Decades of research suggests that bilingual infants reach linguistic milestones, such as babbling and producing first words, at the same rate as monolingual infants, despite the fact that the input that bilingual infants hear is much more complex (Nicoladis & Genesee, Reference Nicoladis and Genesee1997; Oller, Eilers, Urbano & Cobo-Lewis, Reference Oller, Eilers, Urbano and Cobo-Lewis1997; Pearson, Fernández, Lewedeg & Oller, Reference Pearson, Fernández, Lewedeg and Oller1997). Bilingual infants are often exposed to two languages from birth, and they must use the specific properties of this dual input to differentiate one language from the other. Despite these unique challenges, bilingual infants form lexical representations for words in each of their languages early on as they quickly begin to incorporate translation equivalents (TEs) into their vocabularies. TEs, or doublets, are defined as lexical representations that a speaker has in each language for the same concept (e.g., dog in English and chien in French). Importantly, by the end of the second year, bilingual children's vocabularies are composed of an average of approximately 30% TEs (Bosch & Ramon-Casas, Reference Bosch and Ramon-Casas2014; David & Wei, Reference David and Wei2008; Pearson, Fernández & Oller, Reference Pearson, Fernández and Oller1995; Poulin-Dubois, Bialystok, Blaye, Polonia & Yott, Reference Poulin-Dubois, Bialystok, Blaye, Polonia and Yott2013), although there is typically a great deal of variability between children. This feat is quite impressive as it suggests that bilingual children are able to understand early on in development that two words can mean the same thing. However, although the acquisition of TEs during infancy is an important part of bilingual vocabulary development, there are still many gaps in the literature on this topic, as most research has centered on case studies, or studies conducted with very small sample sizes. More importantly, most studies on TE acquisition exclusively utilize parent report measures of vocabulary, and very few studies have investigated the development of TEs over time, using longitudinal designs. As a result, our knowledge of the rate of TE development during infancy is quite limited. In order to address these gaps in the literature, two experiments were conducted. The aim of the first experiment was to examine changes in the proportion of TEs on the MacArthur Bates Communicative Development Inventory (CDI) across three developmental time-points. By documenting TE acquisition in a sample of thirty-four French–English bilingual children at 1;4, 1;10, and 2;6, our goal was to gain a better understanding of how young bilinguals acquire TEs during a period of accelerated vocabulary growth. A secondary goal of this experiment was to acquire a better understanding of how changes in bilingual input and relative vocabulary size shape TE development, by examining the relation between changes in language exposure and relative vocabulary size, and the proportion of TEs. The aim of the second experiment presented in this paper was to investigate the utility of a direct measure of TE comprehension, and to compare the proportion of TEs derived from this measure with parent report of the same subset of words. Within the vocabulary development literature, there has been some concern that parents of bilingual children might confound their child's languages when reporting their receptive word knowledge on vocabulary checklists (Pearson et al., Reference Pearson, Fernández and Oller1995) such as the CDI (Fenson et al., Reference Fenson, Dale, Reznick, Thal, Bates, Hartung, Pethick and Reilly1993; Trudeau, Frank & Poulin-Dubois, Reference Trudeau, Frank and Poulin-Dubois1999). The goal of this second experiment was to determine whether parent report of TEs mirrors a direct, laboratory-based measure of children's TE development.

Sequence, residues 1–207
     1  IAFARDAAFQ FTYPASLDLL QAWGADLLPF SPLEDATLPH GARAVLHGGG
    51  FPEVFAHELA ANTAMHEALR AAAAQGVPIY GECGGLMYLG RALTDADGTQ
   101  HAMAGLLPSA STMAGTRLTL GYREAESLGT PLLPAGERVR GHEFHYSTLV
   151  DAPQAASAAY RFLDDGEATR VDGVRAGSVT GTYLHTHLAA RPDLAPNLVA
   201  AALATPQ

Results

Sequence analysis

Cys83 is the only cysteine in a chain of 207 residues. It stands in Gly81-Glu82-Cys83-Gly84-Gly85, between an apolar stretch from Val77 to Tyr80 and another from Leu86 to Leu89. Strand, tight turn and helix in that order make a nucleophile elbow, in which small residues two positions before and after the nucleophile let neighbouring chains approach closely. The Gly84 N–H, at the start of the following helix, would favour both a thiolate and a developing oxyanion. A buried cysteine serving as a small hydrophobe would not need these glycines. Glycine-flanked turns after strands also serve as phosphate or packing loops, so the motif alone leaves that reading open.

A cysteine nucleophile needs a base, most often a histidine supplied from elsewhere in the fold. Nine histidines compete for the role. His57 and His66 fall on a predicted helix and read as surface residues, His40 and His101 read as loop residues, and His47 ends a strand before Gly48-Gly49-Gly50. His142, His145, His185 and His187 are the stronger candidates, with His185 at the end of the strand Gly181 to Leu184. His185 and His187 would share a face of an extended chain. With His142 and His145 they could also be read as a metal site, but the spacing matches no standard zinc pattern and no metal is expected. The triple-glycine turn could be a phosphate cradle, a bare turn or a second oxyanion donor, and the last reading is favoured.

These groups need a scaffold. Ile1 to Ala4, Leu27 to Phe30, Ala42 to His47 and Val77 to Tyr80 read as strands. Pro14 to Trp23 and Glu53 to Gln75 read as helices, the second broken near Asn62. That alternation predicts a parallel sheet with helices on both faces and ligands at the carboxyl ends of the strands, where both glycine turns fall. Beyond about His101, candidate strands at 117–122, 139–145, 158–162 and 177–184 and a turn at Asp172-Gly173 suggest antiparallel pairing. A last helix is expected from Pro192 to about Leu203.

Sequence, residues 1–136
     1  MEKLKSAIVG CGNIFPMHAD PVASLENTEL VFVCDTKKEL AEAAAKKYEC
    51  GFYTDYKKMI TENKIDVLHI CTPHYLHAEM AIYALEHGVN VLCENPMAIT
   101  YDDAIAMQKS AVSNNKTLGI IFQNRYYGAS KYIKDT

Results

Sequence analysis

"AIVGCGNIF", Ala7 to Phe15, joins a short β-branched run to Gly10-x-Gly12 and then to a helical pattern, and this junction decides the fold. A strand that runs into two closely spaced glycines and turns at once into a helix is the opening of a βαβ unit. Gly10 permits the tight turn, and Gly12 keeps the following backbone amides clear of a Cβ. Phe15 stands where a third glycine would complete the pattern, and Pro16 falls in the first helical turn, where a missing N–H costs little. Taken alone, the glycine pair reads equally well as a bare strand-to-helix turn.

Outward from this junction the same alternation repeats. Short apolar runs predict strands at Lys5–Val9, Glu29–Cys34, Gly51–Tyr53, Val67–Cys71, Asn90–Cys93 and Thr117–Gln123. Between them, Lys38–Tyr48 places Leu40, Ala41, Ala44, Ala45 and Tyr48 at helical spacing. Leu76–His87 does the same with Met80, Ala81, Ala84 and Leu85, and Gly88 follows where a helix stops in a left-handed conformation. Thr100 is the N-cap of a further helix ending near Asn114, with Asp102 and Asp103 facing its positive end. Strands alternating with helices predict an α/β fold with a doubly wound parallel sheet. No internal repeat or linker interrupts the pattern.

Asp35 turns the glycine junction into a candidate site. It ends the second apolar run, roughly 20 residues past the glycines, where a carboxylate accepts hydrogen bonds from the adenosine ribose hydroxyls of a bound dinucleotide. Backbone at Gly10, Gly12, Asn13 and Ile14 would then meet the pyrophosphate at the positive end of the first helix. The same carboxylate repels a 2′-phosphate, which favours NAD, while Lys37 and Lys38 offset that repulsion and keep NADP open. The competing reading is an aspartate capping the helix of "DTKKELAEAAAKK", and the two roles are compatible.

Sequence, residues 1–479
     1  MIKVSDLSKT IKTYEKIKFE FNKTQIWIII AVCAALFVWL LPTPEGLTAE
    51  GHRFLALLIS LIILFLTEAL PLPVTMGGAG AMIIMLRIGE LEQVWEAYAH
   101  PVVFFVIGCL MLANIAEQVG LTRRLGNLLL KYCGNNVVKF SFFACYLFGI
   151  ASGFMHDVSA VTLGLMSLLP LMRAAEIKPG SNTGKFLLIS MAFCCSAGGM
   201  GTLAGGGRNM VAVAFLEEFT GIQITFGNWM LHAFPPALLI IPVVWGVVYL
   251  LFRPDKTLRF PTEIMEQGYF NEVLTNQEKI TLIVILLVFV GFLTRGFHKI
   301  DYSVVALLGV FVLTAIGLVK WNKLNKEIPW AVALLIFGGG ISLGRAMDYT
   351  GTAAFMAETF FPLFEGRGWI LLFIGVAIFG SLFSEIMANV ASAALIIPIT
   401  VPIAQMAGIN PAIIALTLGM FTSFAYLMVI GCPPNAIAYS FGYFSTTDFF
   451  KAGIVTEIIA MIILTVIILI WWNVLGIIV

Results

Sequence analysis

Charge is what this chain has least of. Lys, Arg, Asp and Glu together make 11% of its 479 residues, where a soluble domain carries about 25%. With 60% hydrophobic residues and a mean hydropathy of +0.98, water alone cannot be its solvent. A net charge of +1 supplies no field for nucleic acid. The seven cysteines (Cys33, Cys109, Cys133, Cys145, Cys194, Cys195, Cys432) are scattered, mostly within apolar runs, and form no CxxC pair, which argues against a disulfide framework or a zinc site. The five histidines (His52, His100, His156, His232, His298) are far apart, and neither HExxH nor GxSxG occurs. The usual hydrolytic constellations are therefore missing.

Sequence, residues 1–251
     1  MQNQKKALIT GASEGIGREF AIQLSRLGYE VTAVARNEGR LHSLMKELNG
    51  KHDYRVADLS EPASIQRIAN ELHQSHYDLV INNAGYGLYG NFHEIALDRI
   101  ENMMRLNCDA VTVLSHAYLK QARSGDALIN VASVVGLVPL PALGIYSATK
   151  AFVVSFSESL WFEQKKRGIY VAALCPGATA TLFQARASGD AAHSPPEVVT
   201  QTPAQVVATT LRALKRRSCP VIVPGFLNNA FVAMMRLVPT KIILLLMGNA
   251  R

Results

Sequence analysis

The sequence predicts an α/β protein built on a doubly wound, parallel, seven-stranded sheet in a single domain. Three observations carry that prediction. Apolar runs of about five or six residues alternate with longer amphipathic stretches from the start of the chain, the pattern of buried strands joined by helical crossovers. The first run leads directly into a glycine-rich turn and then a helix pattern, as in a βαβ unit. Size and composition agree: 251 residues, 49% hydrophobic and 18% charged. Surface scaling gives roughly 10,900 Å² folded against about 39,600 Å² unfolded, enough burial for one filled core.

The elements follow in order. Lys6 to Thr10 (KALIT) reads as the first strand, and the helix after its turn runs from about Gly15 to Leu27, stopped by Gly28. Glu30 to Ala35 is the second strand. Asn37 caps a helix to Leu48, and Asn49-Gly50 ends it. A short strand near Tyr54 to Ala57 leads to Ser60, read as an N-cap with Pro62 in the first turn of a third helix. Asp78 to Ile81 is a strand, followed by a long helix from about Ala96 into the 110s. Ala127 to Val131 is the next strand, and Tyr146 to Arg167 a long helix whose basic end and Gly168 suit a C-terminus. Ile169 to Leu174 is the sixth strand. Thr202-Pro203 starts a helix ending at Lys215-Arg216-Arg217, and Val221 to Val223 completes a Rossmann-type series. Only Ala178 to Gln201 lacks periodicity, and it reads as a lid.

The amount of time that a child is exposed to each of his or her languages appears to be significantly related to vocabulary development in each language, with discrepancies in language exposure often leading to unbalanced vocabulary development (Bedore et al., Reference Bedore, Peña, Summers, Boerger, Resendiz, Greene and Gillam2012; Bosch & Ramon-Casas, Reference Bosch and Ramon-Casas2014; David & Wei, Reference David and Wei2008; De Anda, Arias-Trejo, Poulin-Dubois, Zesiger & Friend, Reference De Anda, Arias-Trejo, Poulin-Dubois, Zesiger and Friend2016a; De Houwer, Reference De Houwer2007; De Houwer, Bornstein & De Coster, Reference De Houwer, Bornstein and De Coster2006; Eilers, Pearson & Cobo-Lewis, Reference Eilers, Pearson, Cobo-Lewis, McCardle and Hoff2006; Grüter, Hurtado, Marchman & Fernald, Reference Grüter, Hurtado, Marchman, Fernald, Gruter and Paradis2014; Hoff, Reference Hoff2013; Hurtado, Grüter, Marchman & Fernald, Reference Hurtado, Grüter, Marchman and Fernald2014; Pearson et al., Reference Pearson, Fernández, Lewedeg and Oller1997; Place & Hoff, Reference Place and Hoff2011; Poulin-Dubois et al., Reference Poulin-Dubois, Bialystok, Blaye, Polonia and Yott2013; Thordardottir, Reference Thordardottir2011). Several studies, for example, now show that young bilinguals tend to produce fewer words in each of their individual languages compared to monolingual infants (Core, Hoff, Rumiche & Señor, Reference Core, Hoff, Rumiche and Señor2013; Hoff, Core, Place, Rumiche, Señor & Parra, Reference Hoff, Core, Place, Rumiche, Señor and Parra2012; Hoff, Rumiche, Burridge, Ribot & Welsh, Reference Hoff, Rumiche, Burridge, Ribot and Welsh2014; Oller, Pearson & Cobo-Lewis, Reference Oller, Pearson and Cobo-Lewis2007; Pearson, Fernández & Oller, Reference Pearson, Fernández and Oller1993). Furthermore, when exposure is unbalanced, children also have a tendency to produce more words in their dominant (L1) compared to their non-dominant (L2) language (Hurtado et al., Reference Hurtado, Grüter, Marchman and Fernald2014; Pearson & Fernández, Reference Pearson and Fernández1994; Pearson et al., Reference Pearson, Fernández and Oller1993). Interestingly, however, when total (the number of words a child knows) or total conceptual (the number of concepts a child knows) vocabulary are taken into account, bilinguals are typically considered to produce as many words as their monolingual peers (Core et al., Reference Core, Hoff, Rumiche and Señor2013; Hoff et al., Reference Hoff, Core, Place, Rumiche, Señor and Parra2012; Junker & Stockman, Reference Junker and Stockman2002; Pearson et al., Reference Pearson, Fernández and Oller1993).